This ambitious undertaking is designed to acquaint students, teachers, and researchers with reference sources in any branch of English studies, which Marcuse defines as "all those subjects and lines of critical and scholarly inquiry presently pursued by members of university departments of English language and literature.'' Within each of 24 major sections, Marcuse lists and annotates bibliographies, guides, reviews of research, encyclopedias, dictionaries, journals, and reference histories. The annotations and various indexes are models of clarity and usefulness, and cross references are liberally supplied where appropriate. Although cost-conscious librarians will probably consider the several other excellent literary bibliographies in print, such as James L. Harner's Literary Research Guide (Modern Language Assn. of America, 1989), larger academic libraries will want Marcuse's volume.-- Jack Bales, Mary Washington Coll. Lib., Fredericksburg, Va. -Library Journal.
Fully annotated and completely updated—the most comprehensive guide to reference books in the field of history. * This guide includes 900+ complete entries for reference works and provides complete bibliographic information for over 400 other works * Descriptive annotations provide guidance to quality reference materials and offer a useful and time-saving alternative to research using the Internet * Topical chapters and detailed index help readers locate the materials they need for research and allow for effective searches of more obscure topics * The guide includes materials of interest for undergraduates, graduate students, academic researchers, and educated general readers
Microform, Video and Electronic Media Librarianship focuses on techniques, measures, and processes in librarianship. The book first discusses librarianship, microforms and microform librarianship, non-book media in libraries, and history of microforms. The text also looks at the place of microforms in libraries. User reaction to microforms; economic advantages of microform acquisitions; and contrast, resolution, and density of microforms are discussed. The book also discusses micropublishing. Changes in publishing methods, abstracting and indexing services, bibliographical services, archives, synoptic journals, and government reports are described. The text underscores library catalogues. British National Bibliography; Scottish Libraries Co-operative Automation Project (SCOLCAP); South West Academic Libraries Co-operative Automation Project (SWALCAP); and benefits of computer-based cataloguing systems are discussed. The book also looks at data services, copyright laws, relationship of information technology and libraries, and archival potential of non-book media. The text is a good reference for readers interested in librarianship.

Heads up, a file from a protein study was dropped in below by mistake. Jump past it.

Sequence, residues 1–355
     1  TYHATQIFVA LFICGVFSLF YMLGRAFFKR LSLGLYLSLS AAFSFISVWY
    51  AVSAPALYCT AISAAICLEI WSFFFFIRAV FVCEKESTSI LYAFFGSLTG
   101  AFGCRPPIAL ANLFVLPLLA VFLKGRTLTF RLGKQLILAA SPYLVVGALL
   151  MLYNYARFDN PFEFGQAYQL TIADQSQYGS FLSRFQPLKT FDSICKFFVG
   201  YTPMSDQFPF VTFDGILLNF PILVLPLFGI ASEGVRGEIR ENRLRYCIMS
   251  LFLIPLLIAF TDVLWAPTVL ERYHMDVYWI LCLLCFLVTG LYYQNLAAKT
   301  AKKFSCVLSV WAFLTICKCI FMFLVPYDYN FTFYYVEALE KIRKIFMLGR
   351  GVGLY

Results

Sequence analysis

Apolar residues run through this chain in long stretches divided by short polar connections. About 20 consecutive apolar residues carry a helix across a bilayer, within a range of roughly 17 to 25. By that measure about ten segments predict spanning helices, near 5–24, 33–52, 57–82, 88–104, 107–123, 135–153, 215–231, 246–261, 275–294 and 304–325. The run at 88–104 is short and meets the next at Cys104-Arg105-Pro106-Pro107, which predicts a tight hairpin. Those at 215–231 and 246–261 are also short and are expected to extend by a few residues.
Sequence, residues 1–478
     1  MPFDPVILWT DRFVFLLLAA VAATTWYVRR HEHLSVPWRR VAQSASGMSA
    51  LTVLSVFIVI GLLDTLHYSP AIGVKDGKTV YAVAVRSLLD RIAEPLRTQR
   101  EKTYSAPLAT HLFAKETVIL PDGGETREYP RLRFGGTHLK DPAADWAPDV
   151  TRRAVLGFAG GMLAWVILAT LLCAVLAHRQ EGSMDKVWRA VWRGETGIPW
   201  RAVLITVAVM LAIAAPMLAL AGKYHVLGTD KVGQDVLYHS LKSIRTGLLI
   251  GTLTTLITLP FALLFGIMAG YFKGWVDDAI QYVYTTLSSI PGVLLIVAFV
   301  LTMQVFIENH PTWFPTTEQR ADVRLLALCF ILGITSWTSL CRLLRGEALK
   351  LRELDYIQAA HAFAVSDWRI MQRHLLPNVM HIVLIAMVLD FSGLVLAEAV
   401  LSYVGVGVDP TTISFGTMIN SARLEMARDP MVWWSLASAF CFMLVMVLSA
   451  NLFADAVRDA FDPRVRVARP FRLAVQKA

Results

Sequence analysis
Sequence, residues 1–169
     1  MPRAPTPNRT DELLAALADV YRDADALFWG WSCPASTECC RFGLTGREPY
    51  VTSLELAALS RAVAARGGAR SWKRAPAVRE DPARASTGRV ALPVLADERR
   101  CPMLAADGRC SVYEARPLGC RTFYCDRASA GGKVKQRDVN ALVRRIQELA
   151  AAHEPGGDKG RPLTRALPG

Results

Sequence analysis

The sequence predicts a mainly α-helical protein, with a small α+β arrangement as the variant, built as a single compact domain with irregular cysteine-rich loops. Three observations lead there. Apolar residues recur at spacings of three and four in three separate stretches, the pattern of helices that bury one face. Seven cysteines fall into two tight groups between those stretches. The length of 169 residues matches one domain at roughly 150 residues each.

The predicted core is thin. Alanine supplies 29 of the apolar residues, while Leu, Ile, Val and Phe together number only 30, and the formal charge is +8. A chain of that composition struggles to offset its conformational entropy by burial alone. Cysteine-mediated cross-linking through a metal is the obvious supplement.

This guide provides the best practices and reference resources, both print and electronic, that can be used in conducting research on literature of the British Renaissance and Early Modern Period. This volume seeks to address specific research characteristics integral to studying the period, including a more inclusive canon and the predominance of Shakespeare.